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JACKSONVILLE, Fla. -- An investigation into a discrimination complaint found that the former Duval County Public Schools Director of Communications did not discriminate against an employee based on race.

Jill Johnson was moved to the district's human resources department on January 23 after an the investigation found that while she did not discriminate against Supervisor of External Communications Kandra C. Albury based on race, she did use inappropriate workplace language by referring to her husband as a "redneck."

"In no way would I describe the man I am married to in a derogatory manner, and I was truly unaware that referring to him as a redneck would be deemed racially incentive," Johnson wrote in a memo responding to the investigation's outcome.

According to Dictionary.com, a "redneck" as "an uneducated white farm laborer, especially from the South" and "a bigot or reactionary, especially from the rural working class."

In her complaint, Albury, who is African-American, said that Johnson had rated her lower in a performance assessment than she had on her self-assessment.

"Mrs. Johnson seems to avoid me at all costs and sees me asking questions as a weakness or disadvantage. Mrs Johnson continues to minimize my contributions, yet publishes and implements my ideas while deeming my work as substandard," Albury wrote.

Albury went on to state that Johnson would compare her work to two Caucasian co-workers.

"In an attempt to make me feel inferior, Mrs. Johnson compares my work performance and workload to that of Kelly Bell and Brittany Schnorr who happen to be Caucasian."

Albury's complaint also alleged that the staff made comments about the ethnicity of the wife of Superintendent Nikolai Vitti, saying that Bell asked "Is she all the way black?" Also, Albury wrote that Johnson commented on Vitti's wife's shoes, quoting Johnson as saying "She had on some heels that may fly in Miami but they sure won't work here in Jacksonville."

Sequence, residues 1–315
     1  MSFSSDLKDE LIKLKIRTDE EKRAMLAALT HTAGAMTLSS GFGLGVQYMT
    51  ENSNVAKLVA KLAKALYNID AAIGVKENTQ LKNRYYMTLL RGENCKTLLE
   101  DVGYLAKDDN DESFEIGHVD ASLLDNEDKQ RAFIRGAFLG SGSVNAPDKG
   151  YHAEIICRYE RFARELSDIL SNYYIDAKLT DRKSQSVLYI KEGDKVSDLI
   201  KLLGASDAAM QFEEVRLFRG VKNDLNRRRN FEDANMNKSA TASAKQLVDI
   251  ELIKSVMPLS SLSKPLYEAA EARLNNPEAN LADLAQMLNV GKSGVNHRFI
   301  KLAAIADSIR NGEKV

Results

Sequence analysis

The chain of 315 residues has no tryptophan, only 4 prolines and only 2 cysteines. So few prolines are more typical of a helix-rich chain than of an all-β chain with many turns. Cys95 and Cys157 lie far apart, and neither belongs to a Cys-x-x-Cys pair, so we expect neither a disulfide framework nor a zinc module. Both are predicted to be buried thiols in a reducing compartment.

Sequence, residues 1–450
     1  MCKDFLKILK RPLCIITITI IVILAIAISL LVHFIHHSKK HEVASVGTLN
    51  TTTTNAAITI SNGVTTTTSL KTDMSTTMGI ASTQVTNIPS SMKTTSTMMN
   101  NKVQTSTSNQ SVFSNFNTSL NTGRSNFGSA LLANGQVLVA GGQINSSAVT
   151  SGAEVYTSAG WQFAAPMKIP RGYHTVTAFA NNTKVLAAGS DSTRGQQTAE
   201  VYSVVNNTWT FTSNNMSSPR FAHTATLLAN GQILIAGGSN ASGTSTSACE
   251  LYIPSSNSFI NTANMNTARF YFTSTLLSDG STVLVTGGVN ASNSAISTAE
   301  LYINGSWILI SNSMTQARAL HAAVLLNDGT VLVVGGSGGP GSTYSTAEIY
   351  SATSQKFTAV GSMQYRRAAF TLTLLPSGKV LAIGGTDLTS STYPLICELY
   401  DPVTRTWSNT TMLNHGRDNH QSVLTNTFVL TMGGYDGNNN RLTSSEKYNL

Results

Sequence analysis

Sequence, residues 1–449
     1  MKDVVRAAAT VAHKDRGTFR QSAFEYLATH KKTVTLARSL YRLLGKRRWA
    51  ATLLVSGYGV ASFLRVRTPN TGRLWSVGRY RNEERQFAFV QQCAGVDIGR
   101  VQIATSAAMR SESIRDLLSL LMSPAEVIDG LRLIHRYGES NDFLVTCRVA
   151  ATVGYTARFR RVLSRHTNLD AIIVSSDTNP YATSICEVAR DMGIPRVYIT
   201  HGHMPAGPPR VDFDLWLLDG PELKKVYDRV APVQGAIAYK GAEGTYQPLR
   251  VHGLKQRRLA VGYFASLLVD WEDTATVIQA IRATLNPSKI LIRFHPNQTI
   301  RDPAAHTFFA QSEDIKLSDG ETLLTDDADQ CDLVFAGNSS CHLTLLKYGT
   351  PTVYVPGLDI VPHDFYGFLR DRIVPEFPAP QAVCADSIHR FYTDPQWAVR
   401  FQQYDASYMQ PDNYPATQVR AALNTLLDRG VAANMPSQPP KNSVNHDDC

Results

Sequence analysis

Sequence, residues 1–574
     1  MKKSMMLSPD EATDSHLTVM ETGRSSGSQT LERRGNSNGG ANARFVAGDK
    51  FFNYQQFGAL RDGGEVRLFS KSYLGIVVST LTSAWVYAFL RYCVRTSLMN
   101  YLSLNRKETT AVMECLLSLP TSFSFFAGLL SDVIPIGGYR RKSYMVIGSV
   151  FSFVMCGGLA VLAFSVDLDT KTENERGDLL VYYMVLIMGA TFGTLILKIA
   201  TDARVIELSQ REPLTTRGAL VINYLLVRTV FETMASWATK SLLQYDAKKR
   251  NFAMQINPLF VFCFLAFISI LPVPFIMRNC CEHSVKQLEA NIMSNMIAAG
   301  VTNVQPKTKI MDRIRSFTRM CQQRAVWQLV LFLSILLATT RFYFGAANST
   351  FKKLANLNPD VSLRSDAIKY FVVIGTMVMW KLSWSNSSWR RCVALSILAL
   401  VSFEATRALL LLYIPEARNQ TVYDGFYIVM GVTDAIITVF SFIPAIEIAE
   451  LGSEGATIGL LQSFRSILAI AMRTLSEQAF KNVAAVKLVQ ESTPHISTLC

In her response memo, Johnson said she did not make that statement, but a reporter did during the Superintendent search process, and was recounting that statement to staff.

"In retrospect, although I don't believe that the district has faulted me for these comments as a leader, I personally realize that I could have done more to prevent discussion of such non-workplace issues among the staff," Johnson wrote.

A memo from Vitti (see second page) to Johnson said that the report found "no racial bias or prejudice" but that "there were examples of a lapse in judgement as it pertains to maintaining a consistent professional work environment where all employees regardless of racial and ethnic background feel comfortable with the content of the conversation."

Vitti also recommended that the Communications Department staff and Johnson undergo sensitivity training.

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